Acclaimed Azerbaijani Jazz Sensation Isfar Sarabski Captivates Berlin Audiences in Concerts Co-sponsored by The European Azerbaijan Society

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The 23-year-old Azerbaijani jazz pianist Isfar Sarabski has given two remarkable concerts in Berlin, co-sponsored by The European Azerbaijan Society.

Isfar Sarabski and other members of his Trio in Berlin

The Isfar Sarabski Trio perform for listeners to JazzRadio Berlin, featuring Sarabski (piano), Makar Novikov (bass) and Aleksandr Mashin (drums)

Isfar’s playing is more than just music – his performances are a landmark event for listeners

Azerbaijani piano star Isfar Sarabski, aged 23, gave two barnstorming concerts in Berlin on 13 and 15 December, the first of which was for jazz fans from the world of politics, sponsored by The European Azerbaijan Society (TEAS), the second being for listeners of JazzRadio Berlin. The concerts came hot on the heels of his performance at the annual Jazz Loft Party in New York, organised by the Jazz Foundation of America, co-hosted by Danny Glover, where he shared the bill with such jazz legends as Lou Donaldson, Junior Mance and Randy Weston. He also recently gave a remarkable concert at the Azerbaijan State Philharmonic Hall in Baku during the annual Baku International Jazz Festival.

The first concert, 'Winter Jazz and Politics', was given close to Checkpoint Charlie at Kunztschule, one of Berlin’s most recently-opened event locations. Located in the former Michaelsen Palais, constructed in 1904, this was attended by around 300 people. Isfar Sarabski, who won the Montreux Solo Jazz Piano Prize in 2009, performed for nearly two hours, accompanied by Makar Novikov (bass) and Aleksandr Mashin (drums). The concert focused on Sarabski’s own compositions, including 'New Age', 'Novruz', which featured the microtones found in Azerbaijani mugham music, and the remarkable funky 'G-Man'. Other pieces included his delicate interpretation of Harold Arlen’s 'Over the Rainbow', an inspired arrangement of themes from Tchaikovsky’s 'Swan Lake', featuring Mashin’s ecstatic drumming, and Victor Young’s serene 'Beautiful Love'.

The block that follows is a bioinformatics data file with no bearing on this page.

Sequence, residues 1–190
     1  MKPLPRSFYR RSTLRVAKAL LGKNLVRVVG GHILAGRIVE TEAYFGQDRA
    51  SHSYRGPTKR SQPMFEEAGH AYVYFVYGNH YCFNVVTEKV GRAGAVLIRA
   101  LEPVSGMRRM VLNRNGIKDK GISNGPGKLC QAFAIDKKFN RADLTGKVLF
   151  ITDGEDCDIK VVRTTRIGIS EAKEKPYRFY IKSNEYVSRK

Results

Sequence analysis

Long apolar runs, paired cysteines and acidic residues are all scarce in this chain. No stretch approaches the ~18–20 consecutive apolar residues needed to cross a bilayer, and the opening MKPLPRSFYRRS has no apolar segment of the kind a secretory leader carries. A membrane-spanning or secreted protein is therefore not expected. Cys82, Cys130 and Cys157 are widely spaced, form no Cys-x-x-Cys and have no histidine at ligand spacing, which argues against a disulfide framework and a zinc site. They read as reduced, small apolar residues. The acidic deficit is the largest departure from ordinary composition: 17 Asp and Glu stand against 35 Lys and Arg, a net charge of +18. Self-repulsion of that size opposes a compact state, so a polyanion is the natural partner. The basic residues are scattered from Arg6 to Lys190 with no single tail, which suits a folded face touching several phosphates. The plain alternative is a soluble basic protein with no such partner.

During the introduction Leslie Nachmann, Chief Presenter, JazzRadio Berlin, said: “Isfar’s playing is more than just music – his performances are a landmark event for listeners. He was a worthy winner of the Montreux Solo Jazz Piano Prize in 2009, and we are proud to have him as a guest of TEAS and JazzRadio Berlin.”

The second concert was given in the 1920s Ellington Hotel for an extremely appreciative audience of around 120 listeners to JazzRadio Berlin. Sabina Rakcheyeva, Cultural Advisor, TEAS commented: “Isfar Sarabski is one of the youngest, yet most well-known jazz musicians in Azerbaijan. During the past three years, his concerts in Berlin have been very successful. Isfar has now performed on many European stages and at various jazz festivals to wide acclaim.” Isfar’s trio was clearly inspired by the audience, particularly with his rhapsodic conclusion to 'G-Man', and the breathtaking speed of 'Buta', another of his compositions. His version of the romantic 'Oblivion', by Argentinian composer Astor Piazzolla, provided Isfar with the opportunity to demonstrate another side of his skills. The concert concluded with a standing ovation, followed by an encore of his blues-influenced 'Insurance Salesman', which became increasingly frenetic and exciting.

Both concerts gave ample opportunities for Isfar and his trio to demonstrate their formidable abilities in one of the leading European jazz capitals.

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